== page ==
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La Dolce Vita (1960)
"La dolce vita" (original title)

 -  Comedy | Drama  -  19 April 1961 (USA)
8.1
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Ratings: 8.1/10 from 36,244 users   Metascore: 93/100
Reviews: 150 user | 92 critic | 12 from Metacritic.com

A series of stories following a week in the life of a philandering paparazzo journalist living in Rome.

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(story), (story), 6 more credits »
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Title: La Dolce Vita (1960)

La Dolce Vita (1960) on IMDb 8.1/10

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Top 250 #249 | Won 1 Oscar. Another 8 wins & 12 nominations. See more awards »

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Cast

Cast overview, first billed only:
...
...
...
Maddalena (as Anouk Aimee)
Yvonne Furneaux ...
Emma
...
Fanny (as Magali Noel)
Alain Cuny ...
Annibale Ninchi ...
Il padre di Marcello
Walter Santesso ...
...
Robert - marito di Sylvia
Jacques Sernas ...
Il divo
Nadia Gray ...
Nadia
Valeria Ciangottini ...
Paola
Riccardo Garrone ...
Riccardo
Ida Galli ...
Debuttante dell'anno
Audrey McDonald ...
Jane (as Audey McDonald)
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Storyline

Journalist and man-about-town Marcello struggles to find his place in the world, torn between the allure of Rome's elite social scene and the stifling domesticity offered by his girlfriend, all the while searching for a way to become a serious writer. Written by Jeff Lewis

Plot Summary | Plot Synopsis

Taglines:

The Roman Scandals - Bound to shock with its truth! See more »

Genres:

Comedy | Drama

Certificate:

Not Rated | See all certifications »
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Details

Official Sites:

Country:

|

Language:

| | |

Release Date:

19 April 1961 (USA)  »

Also Known As:

La Dolce Vita  »

Box Office

Gross:

$19,516,000 (USA)
 »

Company Credits

Show detailed on  »

Technical Specs

Runtime:

| (premiere) | (re-release) | (premiere)

Sound Mix:

(Western Electric)

Aspect Ratio:

2.35 : 1
See  »
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Did You Know?

Trivia

Asked how he got the idea for the film, Federico Fellini replied that one year the fashions made the women in Rome look like big flowers. Several extremely exaggerated costumes here and there in the film (such as two women guests' cloaks in the sequence of the party at the castle) point back to this original inspiration. See more »

Goofs

When the two children see the Madonna, the time of day is stated as 7:00. However, the very short shadows of the characters reveal that it is midday. See more »

Quotes

Marcello Rubini: You are the first woman on the first day of creation. You are mother, sister, lover, friend, angel, devil, earth, home.
See more »

Connections

Referenced in Biography: Sophia Loren: Actress Italian Style (1997) See more »

Soundtracks

Ready Teddy
(uncredited)
Written by John Marascalco, Robert Blackwell
See more »

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User Reviews

 
Bitterness Of The Sweet Life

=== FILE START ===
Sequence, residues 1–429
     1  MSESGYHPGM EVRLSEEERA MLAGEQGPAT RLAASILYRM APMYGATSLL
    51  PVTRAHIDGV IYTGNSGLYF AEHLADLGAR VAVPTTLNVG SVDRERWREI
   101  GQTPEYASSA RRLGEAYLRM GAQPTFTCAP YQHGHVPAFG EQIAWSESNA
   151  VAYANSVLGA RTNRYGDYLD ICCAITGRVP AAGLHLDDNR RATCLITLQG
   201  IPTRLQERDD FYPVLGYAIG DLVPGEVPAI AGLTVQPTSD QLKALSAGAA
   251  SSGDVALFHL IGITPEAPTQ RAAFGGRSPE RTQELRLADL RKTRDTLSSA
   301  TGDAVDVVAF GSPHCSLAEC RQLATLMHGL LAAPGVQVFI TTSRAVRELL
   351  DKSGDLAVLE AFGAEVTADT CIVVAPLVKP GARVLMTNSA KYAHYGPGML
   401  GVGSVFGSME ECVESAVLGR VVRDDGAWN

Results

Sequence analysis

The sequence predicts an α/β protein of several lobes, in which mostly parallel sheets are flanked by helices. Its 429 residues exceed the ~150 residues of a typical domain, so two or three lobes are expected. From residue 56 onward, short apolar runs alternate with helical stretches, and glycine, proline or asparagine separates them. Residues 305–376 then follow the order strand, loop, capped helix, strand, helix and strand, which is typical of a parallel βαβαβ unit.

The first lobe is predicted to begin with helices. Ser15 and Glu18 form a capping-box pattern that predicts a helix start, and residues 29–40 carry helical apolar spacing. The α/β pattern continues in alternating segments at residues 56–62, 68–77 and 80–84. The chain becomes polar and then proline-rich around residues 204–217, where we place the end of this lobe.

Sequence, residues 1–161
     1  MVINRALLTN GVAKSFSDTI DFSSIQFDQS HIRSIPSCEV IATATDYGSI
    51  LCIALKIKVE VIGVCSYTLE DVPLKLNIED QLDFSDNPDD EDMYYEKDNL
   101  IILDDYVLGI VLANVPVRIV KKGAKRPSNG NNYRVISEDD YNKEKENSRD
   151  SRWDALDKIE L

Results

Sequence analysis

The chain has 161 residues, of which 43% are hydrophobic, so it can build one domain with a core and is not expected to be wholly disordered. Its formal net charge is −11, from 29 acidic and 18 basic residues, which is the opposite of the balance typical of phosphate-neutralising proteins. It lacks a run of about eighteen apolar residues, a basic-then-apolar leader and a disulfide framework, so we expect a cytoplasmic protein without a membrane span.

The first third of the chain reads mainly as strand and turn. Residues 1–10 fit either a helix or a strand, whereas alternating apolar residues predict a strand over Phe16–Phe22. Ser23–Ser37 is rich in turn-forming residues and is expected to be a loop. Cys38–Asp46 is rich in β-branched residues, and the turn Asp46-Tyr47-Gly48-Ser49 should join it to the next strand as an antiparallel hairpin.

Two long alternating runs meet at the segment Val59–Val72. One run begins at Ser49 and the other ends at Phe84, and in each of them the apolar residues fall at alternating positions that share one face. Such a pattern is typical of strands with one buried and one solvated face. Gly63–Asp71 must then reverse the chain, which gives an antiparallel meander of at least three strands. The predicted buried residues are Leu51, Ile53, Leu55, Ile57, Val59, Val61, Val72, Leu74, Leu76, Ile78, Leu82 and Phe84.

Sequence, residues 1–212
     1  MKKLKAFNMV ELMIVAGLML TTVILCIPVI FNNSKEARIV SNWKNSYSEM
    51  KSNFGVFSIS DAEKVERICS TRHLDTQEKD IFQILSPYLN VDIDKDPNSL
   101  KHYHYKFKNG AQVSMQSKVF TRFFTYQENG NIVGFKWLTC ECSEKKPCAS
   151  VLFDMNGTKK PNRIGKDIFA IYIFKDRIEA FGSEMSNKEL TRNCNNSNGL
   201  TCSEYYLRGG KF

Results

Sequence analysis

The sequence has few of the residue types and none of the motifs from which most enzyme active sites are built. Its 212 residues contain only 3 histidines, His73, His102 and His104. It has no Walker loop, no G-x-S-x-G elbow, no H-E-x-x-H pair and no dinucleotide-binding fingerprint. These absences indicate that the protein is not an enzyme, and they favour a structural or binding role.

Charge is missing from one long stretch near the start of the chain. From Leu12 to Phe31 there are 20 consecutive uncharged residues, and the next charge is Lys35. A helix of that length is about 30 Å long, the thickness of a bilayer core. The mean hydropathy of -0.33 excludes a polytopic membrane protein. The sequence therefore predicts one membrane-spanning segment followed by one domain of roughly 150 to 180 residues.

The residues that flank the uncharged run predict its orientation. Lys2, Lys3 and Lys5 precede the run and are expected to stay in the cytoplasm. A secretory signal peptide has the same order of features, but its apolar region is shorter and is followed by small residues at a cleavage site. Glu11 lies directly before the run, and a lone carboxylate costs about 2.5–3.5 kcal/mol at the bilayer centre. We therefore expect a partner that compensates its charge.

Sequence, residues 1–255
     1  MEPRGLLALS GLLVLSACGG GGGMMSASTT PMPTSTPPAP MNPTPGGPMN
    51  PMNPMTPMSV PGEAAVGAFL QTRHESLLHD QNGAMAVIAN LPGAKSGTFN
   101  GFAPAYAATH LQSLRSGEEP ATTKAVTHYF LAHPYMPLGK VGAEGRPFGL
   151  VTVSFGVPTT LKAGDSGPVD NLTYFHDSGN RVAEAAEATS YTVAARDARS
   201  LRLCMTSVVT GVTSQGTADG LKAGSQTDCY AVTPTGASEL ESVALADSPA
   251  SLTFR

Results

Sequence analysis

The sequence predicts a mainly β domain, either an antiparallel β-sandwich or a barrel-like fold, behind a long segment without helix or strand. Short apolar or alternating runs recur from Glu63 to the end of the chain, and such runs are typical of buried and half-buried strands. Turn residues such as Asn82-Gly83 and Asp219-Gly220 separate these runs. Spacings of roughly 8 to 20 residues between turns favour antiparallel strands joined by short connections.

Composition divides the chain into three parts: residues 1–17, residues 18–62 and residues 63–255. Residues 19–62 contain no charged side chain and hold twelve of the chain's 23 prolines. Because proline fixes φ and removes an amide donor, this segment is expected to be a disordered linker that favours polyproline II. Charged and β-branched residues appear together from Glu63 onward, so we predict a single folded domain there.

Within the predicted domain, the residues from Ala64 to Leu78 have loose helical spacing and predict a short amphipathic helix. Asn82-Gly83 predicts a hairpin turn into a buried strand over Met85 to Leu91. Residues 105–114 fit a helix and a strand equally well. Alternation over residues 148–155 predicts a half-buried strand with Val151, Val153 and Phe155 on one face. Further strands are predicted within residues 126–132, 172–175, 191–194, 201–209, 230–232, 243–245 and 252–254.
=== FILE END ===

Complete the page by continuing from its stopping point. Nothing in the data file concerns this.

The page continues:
9 May 2005 | by (Biloxi, Mississippi) – See all my reviews

LA DOLCE VITA presents a series of incidents in the life of Roman tabloid reporter Marcello Rubini (Marcello Mastroianni)--and although each incident is very different in content they create a portrait of an intelligent but superficial man who is gradually consumed by "the sweet life" of wealth, celebrity, and self-indulgence he reports on and which he has come to crave.

Although the film seems to be making a negative statement about self-indulgence that leads to self-loathing, Fellini also gives the viewer plenty of room to act as interpreter, and he cleverly plays one theme against its antithesis throughout the film. (The suffocation of monogamy vs. the meaninglessness of promiscuity and sincere religious belief vs. manipulative hypocrisy are but two of the most obvious juxtapositions.) But Fellini's most remarkable effect here is his ability to keep us interested in the largely unsympathetic characters LA DOLCE VITA presents: a few are naive to the point of stupidity; most are vapid; the majority (including the leads) are unspeakably shallow--and yet they still hold our interest over the course of this three hour film.

The cast is superior, with Marcello Mastroianni's personal charm particularly powerful. As usual with Fellini, there is a lot to look at on the screen: although he hasn't dropped into the wild surrealism for which he was sometimes known, there are quite a few surrealistic flourishes and visual ironies aplenty--the latter most often supplied by the hordes of photographers that scuttle after the leading characters much like cockroaches in search of crumbs. For many years available to the home market in pan-and-scan only, the film is now in a letterbox release that makes it all the more effective. Strongly recommended.

Gary F. Taylor, aka GFT, Amazon Reviewer


61 of 76 people found this review helpful.  Was this review helpful to you?

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poor movie omar_sy
the young blond girl from the restaurant gabypanama
The ENDLESS party scene GiantTurtleBoy
You hated Dolce but loved another Fellini's? svallee-5
Interesting how your views on Marcello's life may change over time... crawsh
The sequence with the father... gustavocec
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